J. A. Littler
Every church wants to be a welcoming church. Of course, the definition of welcoming changes from church to church. And any conversation on this topic almost always leads to the task of untangling the world’s demands and the associated hot-button topics: gay rights, feminism, the stain of sin in America’s history, and so forth.
Pastors, Sunday School teachers, and others who teach the Word in their churches will no doubt be forced to answer some questions related to these topics, and a Biblical answer will determine whether the world perceives their churches as welcoming. Further, the mother of three small children who sits in the 13th row, as well as the older man who sits in the second row, will more than likely be labeled by someone somewhere as that kind of person who goes to that church. Many Bible-believing Christians have become aware of the painfully obvious fact that to try to be welcoming according to the world’s expectations is to play a dangerous game and risk becoming a friend of the world (James 4:4).
I would like to refresh the Christian who is wearied by this struggle and offer some Biblical counsel that might serve as a foundation for weathering the ever-increasing torrent of disapproval from the world that is aimed at Christ’s church. First, we will briefly address the modern definition of welcoming and seek to replace the world’s expectations with Christ’s desires for His church. Then we will form a strategy to address one of the most prominent (and dangerous) challenges to the church’s success in proclaiming the gospel, that is, the term gay Christian.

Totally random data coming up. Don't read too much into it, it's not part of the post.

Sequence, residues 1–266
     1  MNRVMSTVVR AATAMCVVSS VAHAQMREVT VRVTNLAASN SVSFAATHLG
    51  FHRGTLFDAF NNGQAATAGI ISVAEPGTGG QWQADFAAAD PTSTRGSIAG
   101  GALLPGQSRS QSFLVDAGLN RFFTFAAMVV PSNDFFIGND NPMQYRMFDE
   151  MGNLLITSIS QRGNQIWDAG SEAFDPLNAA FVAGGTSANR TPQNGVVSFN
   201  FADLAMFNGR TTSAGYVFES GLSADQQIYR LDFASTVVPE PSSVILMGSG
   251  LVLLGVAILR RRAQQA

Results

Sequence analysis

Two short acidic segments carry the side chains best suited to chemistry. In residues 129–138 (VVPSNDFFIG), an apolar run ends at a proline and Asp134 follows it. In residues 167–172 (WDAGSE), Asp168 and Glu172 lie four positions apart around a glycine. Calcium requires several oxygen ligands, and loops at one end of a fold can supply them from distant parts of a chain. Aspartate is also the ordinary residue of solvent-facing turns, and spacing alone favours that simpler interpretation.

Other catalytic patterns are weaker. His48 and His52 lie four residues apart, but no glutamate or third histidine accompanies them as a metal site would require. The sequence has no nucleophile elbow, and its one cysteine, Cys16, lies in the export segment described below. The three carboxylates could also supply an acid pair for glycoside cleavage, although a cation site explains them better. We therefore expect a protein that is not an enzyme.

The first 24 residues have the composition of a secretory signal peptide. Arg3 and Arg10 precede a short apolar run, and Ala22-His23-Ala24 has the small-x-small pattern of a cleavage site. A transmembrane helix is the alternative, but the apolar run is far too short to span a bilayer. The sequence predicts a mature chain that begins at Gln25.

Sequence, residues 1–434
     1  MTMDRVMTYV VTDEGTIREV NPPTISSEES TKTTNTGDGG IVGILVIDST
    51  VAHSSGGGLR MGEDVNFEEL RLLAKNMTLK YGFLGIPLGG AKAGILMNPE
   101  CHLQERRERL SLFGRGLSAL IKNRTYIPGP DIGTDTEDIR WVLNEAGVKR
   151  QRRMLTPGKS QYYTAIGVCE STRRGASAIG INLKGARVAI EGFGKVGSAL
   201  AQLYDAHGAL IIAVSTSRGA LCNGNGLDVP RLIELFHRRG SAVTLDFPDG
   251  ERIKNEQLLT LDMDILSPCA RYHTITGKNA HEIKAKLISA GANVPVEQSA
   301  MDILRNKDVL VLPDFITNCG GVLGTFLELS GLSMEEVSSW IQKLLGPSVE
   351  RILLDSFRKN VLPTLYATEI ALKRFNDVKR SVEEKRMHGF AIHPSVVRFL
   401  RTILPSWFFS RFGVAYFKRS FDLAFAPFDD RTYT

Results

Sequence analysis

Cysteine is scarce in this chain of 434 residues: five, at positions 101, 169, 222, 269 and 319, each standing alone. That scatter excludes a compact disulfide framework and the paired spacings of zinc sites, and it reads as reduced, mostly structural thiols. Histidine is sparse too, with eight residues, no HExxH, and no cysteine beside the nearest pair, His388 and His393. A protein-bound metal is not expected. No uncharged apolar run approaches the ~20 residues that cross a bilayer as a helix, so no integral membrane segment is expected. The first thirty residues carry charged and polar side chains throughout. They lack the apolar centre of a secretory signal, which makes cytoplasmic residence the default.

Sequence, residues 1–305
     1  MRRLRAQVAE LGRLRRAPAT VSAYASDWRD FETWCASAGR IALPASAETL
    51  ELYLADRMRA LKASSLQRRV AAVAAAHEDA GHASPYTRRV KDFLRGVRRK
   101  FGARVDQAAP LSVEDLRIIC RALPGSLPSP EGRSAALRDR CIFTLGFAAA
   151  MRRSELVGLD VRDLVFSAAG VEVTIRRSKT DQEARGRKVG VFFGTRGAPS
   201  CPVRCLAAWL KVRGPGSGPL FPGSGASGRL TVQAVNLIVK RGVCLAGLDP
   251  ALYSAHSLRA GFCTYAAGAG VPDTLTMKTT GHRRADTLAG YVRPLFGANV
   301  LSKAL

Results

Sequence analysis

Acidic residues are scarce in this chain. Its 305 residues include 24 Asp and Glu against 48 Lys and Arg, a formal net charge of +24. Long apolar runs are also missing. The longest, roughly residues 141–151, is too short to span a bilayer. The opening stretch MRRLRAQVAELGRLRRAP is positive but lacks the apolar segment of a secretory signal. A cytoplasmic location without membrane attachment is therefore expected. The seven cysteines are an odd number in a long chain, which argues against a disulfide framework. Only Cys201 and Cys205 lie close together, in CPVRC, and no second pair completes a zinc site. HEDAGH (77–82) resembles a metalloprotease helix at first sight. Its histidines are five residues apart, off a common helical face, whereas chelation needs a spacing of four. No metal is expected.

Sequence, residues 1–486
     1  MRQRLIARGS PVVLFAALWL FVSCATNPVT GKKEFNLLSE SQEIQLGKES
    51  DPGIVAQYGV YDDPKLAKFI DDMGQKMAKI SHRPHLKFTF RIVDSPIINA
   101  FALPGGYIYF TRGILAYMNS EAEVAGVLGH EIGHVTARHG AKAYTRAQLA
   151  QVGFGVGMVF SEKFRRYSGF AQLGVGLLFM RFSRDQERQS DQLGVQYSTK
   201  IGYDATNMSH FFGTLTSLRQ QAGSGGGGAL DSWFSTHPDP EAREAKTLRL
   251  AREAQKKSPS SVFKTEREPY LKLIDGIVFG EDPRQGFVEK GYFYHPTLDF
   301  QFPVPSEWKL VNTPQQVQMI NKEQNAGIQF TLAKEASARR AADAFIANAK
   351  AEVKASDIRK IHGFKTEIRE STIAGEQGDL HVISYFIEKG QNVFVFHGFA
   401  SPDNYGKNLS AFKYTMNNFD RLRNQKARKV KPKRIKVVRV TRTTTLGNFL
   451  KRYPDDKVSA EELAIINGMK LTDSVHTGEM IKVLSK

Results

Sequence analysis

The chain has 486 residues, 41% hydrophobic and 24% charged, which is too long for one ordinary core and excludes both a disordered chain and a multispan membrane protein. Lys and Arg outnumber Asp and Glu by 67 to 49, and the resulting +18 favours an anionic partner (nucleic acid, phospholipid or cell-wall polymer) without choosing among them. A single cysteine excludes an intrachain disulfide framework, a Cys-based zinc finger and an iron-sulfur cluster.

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J. A. Littler (MA, MDiv) is an adjunct professor of Bible and theology at Clarks Summit University. He has also written a variety of articles and teaching resources for Sunday School and other ministries of the local church.